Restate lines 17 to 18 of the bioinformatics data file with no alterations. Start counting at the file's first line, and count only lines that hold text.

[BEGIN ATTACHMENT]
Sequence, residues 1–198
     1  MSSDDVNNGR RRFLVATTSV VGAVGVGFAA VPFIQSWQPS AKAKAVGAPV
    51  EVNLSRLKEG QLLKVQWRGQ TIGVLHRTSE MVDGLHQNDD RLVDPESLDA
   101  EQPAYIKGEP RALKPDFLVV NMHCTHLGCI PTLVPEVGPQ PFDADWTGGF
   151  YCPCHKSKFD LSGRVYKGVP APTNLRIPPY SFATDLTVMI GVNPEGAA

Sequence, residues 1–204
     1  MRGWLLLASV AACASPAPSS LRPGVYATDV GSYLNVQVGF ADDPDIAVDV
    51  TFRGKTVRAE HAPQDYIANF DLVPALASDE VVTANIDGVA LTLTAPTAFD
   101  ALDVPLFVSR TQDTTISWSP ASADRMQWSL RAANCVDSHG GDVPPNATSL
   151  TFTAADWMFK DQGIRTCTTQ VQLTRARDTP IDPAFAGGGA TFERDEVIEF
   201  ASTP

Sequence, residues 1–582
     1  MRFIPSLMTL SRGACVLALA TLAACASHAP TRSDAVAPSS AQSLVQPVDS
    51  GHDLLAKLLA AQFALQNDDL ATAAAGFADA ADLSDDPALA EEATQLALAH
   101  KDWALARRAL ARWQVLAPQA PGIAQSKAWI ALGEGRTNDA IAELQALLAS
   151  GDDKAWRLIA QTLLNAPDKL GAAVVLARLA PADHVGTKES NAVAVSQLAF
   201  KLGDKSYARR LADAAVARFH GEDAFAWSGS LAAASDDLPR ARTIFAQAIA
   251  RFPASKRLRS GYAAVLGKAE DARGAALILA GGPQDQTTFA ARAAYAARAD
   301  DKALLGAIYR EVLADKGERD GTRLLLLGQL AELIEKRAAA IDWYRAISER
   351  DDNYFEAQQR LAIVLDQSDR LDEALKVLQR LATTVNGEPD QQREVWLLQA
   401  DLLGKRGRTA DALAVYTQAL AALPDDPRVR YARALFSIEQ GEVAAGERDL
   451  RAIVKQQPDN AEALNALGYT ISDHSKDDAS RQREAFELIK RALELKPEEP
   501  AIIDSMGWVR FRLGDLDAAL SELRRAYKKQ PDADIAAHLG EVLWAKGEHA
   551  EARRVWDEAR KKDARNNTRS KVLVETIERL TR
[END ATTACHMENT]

   201  KLGDKSYARR LADAAVARFH GEDAFAWSGS LAAASDDLPR ARTIFAQAIA
   251  RFPASKRLRS GYAAVLGKAE DARGAALILA GGPQDQTTFA ARAAYAARAD